People’s Bank of China deputy governor: Digital, not crypto currency

Central banks should develop ‘an alliance’ of digital currencies with common standards, according to Fan Yi Fei, deputy governor at the People’s Bank of China.

“In recent years with the development of distributed ledger technology and crypto assets, such as Bitcoin, stable coins have emerged and triggered a new wave of competition attempting to reap profit from substituting the fiat currency in circulation.

“To protect fiat currency from these crypto-assets and safeguard monetary sovereignty it is necessary for central banks to digitise bank notes through new technologies.”

Speaking during Sibos 2020, he also said that digital currencies would be an important step to address the ‘trilemma’ facing cross border payments.

“In cross-border payments we could achieve interoperability and address the trilemma (low costs, low risks and high efficiencies) by using digital fiat currency, collaborating with the private sector and adapting to long-term technology evolution continuously. [In addition], establishing a fiat digital currency alliance that observes regulations across jurisdictions and complies with international standards, like for example Principles for Financial Market Infrastructure (PFMI).

China has already begun testing its digital yuan, while the ECB continues to research the idea of introducing a digital euro.

Domestically, Chinese consumers have more quickly embraced digital payments. A 2019 report by RBC Capital Markets found that 37 percent of people in China use mobile payments compared to only 15 percent in the US.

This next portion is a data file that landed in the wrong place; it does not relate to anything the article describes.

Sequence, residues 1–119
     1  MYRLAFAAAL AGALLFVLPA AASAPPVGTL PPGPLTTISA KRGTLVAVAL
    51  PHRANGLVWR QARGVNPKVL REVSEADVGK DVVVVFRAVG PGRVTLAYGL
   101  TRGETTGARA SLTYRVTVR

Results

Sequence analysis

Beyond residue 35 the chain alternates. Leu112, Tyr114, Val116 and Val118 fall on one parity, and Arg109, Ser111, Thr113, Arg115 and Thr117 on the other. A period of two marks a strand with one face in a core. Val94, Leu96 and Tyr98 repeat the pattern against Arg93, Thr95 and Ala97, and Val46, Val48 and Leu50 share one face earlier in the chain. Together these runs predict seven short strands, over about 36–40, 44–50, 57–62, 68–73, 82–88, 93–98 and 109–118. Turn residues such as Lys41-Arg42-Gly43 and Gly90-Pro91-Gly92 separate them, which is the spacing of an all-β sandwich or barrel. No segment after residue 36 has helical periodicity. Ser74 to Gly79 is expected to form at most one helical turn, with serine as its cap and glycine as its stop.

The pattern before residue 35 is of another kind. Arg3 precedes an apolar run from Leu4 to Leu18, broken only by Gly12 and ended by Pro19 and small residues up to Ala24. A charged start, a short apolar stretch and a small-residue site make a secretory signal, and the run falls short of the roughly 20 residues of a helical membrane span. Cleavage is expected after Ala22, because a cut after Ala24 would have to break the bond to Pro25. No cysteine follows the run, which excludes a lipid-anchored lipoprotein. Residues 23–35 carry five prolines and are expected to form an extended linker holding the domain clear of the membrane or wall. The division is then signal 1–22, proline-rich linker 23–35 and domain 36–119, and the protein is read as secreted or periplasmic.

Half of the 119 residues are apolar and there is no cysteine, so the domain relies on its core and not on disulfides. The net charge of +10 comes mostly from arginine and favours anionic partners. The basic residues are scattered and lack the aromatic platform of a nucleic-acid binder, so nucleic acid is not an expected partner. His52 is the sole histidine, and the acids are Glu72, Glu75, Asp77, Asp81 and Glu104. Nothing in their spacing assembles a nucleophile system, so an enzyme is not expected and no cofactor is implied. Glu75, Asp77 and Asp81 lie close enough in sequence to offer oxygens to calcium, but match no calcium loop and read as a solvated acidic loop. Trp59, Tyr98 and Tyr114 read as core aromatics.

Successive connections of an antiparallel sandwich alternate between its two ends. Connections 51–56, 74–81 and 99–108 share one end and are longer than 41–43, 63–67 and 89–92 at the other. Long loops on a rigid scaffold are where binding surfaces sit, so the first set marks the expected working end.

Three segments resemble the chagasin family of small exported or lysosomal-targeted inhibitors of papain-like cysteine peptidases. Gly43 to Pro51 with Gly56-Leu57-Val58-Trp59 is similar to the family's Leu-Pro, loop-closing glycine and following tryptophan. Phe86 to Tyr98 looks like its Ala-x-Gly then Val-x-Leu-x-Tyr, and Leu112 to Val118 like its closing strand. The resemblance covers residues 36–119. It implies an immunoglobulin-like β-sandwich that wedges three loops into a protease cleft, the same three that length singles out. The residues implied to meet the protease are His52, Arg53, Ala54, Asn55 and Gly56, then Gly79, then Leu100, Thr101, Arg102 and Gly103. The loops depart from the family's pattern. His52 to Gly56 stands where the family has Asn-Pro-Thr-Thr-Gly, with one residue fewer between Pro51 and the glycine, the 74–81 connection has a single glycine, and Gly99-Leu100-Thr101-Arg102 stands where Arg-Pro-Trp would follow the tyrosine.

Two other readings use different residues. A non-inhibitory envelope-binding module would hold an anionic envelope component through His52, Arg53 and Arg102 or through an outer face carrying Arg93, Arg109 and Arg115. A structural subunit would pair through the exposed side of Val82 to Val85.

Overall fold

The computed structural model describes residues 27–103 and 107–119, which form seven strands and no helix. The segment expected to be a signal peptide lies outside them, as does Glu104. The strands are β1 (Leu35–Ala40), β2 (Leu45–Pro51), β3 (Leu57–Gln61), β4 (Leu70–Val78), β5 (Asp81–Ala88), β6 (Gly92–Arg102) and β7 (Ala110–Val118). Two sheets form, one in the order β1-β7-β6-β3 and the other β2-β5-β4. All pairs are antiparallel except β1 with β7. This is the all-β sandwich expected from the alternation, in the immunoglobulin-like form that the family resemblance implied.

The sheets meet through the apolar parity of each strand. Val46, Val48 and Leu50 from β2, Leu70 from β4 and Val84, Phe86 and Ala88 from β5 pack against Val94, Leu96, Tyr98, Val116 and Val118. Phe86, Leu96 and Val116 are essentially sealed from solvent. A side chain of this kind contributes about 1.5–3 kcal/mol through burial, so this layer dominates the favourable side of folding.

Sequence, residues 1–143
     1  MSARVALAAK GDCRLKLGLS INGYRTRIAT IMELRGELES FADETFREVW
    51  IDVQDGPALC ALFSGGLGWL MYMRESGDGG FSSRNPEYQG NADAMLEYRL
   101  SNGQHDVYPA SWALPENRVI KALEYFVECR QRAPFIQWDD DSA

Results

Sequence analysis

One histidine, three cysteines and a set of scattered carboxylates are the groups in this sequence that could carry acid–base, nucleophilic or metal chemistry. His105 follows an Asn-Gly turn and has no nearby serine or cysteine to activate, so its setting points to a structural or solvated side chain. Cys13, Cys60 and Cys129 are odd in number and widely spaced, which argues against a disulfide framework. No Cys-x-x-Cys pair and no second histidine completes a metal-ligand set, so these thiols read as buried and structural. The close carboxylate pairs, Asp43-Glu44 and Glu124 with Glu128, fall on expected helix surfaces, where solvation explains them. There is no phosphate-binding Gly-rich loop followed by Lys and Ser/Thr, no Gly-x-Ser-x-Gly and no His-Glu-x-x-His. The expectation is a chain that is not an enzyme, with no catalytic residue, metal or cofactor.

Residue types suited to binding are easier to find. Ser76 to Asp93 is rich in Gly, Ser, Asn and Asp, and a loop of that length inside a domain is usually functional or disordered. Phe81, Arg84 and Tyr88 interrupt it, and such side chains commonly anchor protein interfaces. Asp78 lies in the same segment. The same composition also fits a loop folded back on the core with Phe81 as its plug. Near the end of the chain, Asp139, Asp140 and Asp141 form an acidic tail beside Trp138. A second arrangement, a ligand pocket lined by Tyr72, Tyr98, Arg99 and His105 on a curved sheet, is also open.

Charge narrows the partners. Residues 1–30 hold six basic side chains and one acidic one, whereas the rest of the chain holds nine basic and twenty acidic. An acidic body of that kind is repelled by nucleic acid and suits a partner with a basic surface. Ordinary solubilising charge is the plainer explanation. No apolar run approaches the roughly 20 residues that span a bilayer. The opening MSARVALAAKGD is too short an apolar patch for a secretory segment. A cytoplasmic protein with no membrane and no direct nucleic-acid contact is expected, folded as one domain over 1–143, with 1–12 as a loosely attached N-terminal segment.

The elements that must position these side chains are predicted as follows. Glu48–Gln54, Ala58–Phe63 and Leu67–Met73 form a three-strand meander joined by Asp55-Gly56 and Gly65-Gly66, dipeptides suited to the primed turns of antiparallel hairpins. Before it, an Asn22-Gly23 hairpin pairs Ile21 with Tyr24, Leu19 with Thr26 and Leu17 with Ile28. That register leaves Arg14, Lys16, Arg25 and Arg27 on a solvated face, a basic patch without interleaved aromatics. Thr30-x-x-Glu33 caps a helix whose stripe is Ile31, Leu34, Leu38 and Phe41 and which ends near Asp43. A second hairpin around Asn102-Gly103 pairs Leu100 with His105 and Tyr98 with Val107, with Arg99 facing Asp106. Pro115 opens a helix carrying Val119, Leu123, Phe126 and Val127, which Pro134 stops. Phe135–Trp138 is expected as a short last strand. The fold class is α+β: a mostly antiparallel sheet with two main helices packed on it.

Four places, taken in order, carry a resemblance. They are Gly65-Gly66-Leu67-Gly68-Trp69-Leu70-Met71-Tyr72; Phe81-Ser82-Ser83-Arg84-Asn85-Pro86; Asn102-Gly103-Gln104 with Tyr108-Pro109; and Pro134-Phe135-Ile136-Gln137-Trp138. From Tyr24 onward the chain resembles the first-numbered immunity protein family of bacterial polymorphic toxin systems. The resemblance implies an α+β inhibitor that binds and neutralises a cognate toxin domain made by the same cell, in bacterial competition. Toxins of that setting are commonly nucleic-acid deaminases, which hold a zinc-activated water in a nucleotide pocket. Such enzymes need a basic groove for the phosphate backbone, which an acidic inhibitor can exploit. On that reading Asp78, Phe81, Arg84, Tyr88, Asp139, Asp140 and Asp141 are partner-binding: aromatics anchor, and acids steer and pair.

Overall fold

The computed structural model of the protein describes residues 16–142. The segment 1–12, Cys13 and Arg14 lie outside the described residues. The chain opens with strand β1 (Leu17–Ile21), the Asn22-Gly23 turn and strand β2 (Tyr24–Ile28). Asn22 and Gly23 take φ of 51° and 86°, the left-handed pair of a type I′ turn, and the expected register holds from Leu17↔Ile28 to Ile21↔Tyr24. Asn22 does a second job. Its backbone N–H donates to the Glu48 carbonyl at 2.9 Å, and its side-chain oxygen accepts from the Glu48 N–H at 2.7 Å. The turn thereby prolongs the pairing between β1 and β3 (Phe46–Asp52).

“In the case of China’s payments service providers (PSPs) we have measure in place like account classification, settlement between PSP and banks being cleared through the NetsUnion Clearing Corporation (NUCC), a centralised payment infrastructure, as well as centralised depository of customers’ funds,” said Fan.

“China has formed a multi-layered payments service ecosystem that features the central bank as the core and commercial banks as the main body complemented by non-bank payments institutions. The proliferation of emerging payments methods such as mobile, barcode and NFC options are designed to fully meet the needs of consumers on payments services.”

While China has been making inroads in developing its domestic digital payments, Fan said much work is still needed in the cross-border payment space.

“Compared with domestic payments, the development of cross-border payments is still relatively unbalanced. For a long time, cross-border payments were unable to achieve “Low costs, high efficiency and low risk” all at once.

“At the same time, regulatory compliance for cross-border payments spans across various jurisdictions spanning from licensing to customer identification, account opening and foreign exchange checks and balances.”

Fan added that data has become more important than ever as the pandemic has forced more of the economy into digital space.

“Data is King. The digital economy has become more significant during the coronavirus pandemic. In cross border finance, big data analysis provides data support for decision making in trade financing and credit thus promoting the development of international trade,” he said.

“It also enhances macro-supervision, capital flow management, risk identification, forecast and prevention capabilities.”

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